The Waiting Game

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They told me it wouldn’t be until the first week of June, but I continue to check the portal every few days. Exactly 100 days from the moment I hit the “submit” button—this is the amount of time it will take to determine whether they want me or not. Everyone says, “be patient, it’s a rite of passage, and what will be will be.” Patience has never been my strong suit and as I ponder this position I have placed myself in, I reflect on the many students I have told the exact same thing.

Throughout my career, I have sat on both sides of the table involving college decision making—as a college admission member and a high school counselor. Whether I was reading, interviewing, or evaluating for acceptances—often chuckling at student email addresses (seriously there were some winners)—or working with students preparing for college admission, reviewing essays, matching applications, or preparing for those nerve-shattering interviews, I had decisions to make. Yes—I like the essay, or no—do it again! I had the power and could determine the outcome.

I can remember many students referring to my office as “the great escape.” Literally a place that students could run to cry, rest, and one even came running in asking if she could just “throw a hand stand” up against the wall so as to gain her composure. I was there for all of it—good, bad, or worst of all: “waitlisted.”

It’s now my turn! I am waiting, worrying, and wishing for an answer soon. The final seven days are fast approaching as I anxiously await word of whether I will receive acceptance to a PhD program that I have waited a lifetime to apply to. If I were reviewing this file, would it be worthy of a YES? My essays were spectacular; the recommendations—I was told—were superior; my interview was longer than I expected, which is always a good sign; and I even was required to complete a writing sample on the spot…an opportunity I jumped at as a moment to shine.

Yet here I am, waiting for someone to determine whether I am worthy.

My family and friends continue to respond with “of course they want you.” This doesn’t help!!!! I want it now…I need it now…and if I don’t hear something soon, I am going to lose it!

Like all high school seniors, I have worked hard and followed the rules. If you stay out of trouble, produce an amazing GPA and standardized test scores, volunteer and make a difference in someone else’s world, there will be a school that will support your dreams. Yet, the person on the other side of the computer will be the one to read and review all of these documents to determine our fate. Yes or no? We need to know now…is it yes or no?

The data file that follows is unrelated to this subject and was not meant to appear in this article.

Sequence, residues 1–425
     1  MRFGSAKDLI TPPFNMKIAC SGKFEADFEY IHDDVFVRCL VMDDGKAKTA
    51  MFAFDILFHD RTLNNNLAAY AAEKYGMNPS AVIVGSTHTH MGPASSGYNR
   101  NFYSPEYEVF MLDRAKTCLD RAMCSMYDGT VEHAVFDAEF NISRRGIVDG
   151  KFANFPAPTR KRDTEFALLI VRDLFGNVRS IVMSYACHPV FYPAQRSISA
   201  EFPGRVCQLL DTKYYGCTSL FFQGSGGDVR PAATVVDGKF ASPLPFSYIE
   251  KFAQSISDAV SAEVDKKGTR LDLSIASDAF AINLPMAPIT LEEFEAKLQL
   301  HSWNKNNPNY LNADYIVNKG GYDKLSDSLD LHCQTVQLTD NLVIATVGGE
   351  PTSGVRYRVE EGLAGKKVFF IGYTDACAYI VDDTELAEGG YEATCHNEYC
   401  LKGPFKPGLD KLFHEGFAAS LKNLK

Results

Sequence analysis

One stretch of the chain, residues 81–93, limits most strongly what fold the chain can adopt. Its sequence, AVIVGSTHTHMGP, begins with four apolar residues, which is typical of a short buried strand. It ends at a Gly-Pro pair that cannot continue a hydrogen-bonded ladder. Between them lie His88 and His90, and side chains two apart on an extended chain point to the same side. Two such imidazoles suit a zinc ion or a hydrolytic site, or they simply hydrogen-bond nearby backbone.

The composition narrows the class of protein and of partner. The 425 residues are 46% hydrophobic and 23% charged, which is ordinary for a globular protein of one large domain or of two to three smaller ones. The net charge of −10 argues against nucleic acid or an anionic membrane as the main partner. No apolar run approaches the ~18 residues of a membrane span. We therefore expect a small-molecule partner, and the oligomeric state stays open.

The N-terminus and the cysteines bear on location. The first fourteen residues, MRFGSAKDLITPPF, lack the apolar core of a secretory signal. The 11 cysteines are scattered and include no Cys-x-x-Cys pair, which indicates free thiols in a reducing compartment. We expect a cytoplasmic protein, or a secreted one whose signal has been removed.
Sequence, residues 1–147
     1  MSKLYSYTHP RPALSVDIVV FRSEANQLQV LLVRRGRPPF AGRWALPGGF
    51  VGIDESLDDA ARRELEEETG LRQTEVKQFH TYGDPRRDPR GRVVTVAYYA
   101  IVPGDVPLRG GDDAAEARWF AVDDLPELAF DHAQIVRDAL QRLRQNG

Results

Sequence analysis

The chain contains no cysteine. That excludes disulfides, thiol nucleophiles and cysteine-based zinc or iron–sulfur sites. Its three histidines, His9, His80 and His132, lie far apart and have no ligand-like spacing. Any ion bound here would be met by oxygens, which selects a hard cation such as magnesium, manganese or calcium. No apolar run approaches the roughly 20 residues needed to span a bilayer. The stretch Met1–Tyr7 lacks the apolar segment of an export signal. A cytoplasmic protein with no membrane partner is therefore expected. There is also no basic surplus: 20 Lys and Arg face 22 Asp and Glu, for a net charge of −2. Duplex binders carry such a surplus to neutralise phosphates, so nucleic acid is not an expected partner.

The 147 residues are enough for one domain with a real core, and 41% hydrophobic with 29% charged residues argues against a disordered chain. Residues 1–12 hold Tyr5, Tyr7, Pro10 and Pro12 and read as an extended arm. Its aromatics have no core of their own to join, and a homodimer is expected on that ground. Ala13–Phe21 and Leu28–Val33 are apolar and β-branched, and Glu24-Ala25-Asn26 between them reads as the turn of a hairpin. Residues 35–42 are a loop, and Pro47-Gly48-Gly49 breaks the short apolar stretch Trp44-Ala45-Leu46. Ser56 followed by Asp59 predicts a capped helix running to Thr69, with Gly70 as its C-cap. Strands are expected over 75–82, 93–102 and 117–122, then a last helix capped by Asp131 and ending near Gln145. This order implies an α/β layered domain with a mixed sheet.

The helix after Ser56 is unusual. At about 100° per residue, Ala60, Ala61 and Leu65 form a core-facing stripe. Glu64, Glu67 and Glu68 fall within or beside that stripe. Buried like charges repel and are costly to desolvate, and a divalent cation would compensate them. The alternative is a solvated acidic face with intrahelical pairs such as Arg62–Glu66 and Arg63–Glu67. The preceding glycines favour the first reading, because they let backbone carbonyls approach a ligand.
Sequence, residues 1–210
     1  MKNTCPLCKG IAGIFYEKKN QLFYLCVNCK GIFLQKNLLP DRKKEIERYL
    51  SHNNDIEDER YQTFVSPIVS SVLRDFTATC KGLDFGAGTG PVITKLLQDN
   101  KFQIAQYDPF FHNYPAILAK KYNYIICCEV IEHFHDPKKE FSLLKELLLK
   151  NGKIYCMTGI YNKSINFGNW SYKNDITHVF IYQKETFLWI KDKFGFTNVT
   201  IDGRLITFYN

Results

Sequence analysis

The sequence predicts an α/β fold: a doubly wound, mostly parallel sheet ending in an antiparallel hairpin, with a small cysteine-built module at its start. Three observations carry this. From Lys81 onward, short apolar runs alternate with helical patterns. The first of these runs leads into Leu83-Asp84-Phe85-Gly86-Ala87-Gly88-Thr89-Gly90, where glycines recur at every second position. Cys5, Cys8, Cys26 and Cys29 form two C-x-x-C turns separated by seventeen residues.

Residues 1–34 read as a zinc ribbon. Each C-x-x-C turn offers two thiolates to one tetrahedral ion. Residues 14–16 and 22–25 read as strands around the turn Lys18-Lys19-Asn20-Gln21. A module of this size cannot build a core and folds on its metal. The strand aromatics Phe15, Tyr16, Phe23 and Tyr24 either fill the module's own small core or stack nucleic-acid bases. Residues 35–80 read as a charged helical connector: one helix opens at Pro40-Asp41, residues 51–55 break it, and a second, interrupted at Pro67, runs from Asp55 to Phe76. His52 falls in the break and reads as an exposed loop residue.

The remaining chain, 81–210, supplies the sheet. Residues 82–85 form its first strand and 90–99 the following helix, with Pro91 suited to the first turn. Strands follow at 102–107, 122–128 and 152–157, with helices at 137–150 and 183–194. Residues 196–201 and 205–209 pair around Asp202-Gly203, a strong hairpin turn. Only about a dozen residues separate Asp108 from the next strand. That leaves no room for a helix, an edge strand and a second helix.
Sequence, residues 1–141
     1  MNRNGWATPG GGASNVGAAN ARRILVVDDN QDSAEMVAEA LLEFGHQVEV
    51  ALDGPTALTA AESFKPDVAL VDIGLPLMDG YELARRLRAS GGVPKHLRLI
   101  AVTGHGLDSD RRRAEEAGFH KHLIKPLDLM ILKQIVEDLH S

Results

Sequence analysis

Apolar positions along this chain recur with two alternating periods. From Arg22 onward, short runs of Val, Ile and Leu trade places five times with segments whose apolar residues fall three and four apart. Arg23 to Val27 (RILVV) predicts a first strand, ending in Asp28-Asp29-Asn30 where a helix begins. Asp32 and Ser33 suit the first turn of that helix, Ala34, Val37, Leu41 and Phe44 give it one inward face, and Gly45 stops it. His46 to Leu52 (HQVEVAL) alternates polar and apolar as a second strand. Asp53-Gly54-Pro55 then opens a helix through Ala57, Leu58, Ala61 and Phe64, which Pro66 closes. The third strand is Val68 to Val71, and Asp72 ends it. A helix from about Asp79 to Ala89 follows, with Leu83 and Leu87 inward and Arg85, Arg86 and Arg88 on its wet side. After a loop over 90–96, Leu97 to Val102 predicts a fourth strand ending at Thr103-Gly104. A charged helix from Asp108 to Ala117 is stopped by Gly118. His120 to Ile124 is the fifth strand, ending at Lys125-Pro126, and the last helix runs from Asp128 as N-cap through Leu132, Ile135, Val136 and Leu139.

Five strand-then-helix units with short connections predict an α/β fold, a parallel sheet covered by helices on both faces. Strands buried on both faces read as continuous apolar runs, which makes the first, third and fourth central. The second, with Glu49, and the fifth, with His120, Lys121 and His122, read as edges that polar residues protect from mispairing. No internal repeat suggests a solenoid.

Whether I receive the big packet or the thin envelope in the mail, I have learned a great deal from this experience. First, I should have done this years ago so that I could gain a far better perspective of what my students were feeling. Second, I am glad I took the leap to put myself out there for scrutiny by an admission committee—because they are truly working to determine if I will be a good fit for the institution and trust me, I will ask them “why?” if I receive the NO. Finally, those of us who have spent a lifetime in college admission/counseling must never forget that for every file that crosses your desk, there is a person who has shared their burning desire to attend your institution and they are currently counting the days until you say …yes or no!

Susanna Smith recently accepted a new position as an academic advisor at the University of Maryland, College Park. She previously worked in the college counseling office at Beth Tfiloh Dahan Community School in Baltimore.

4 thoughts on “The Waiting Game”

  1. Ms. Smith has done an excellent job of showing the importance of walking in her students’ shoes. That kind of empathy and compassion are ideals which we all should strive to achieve.

  2. It is probably ONLY when you have walked in another’s shoes that you can develop that empathy and compassion.
    Ms. Smith , after sitting on both sides of the table, has demonstrated the ability –no , the necessity–of actually trying to understand the context of the person facing you at any given time.

  3. Ms. Smith’s unique perspective is a lesson for all of us working with students, in college counseling and beyond. She underscores the value of understanding the entire child sitting before you, and all of the emotion, angst and effort that goes into the checklist for the application, a completed test or an English paper. It’s a lesson we can never hear often enough…

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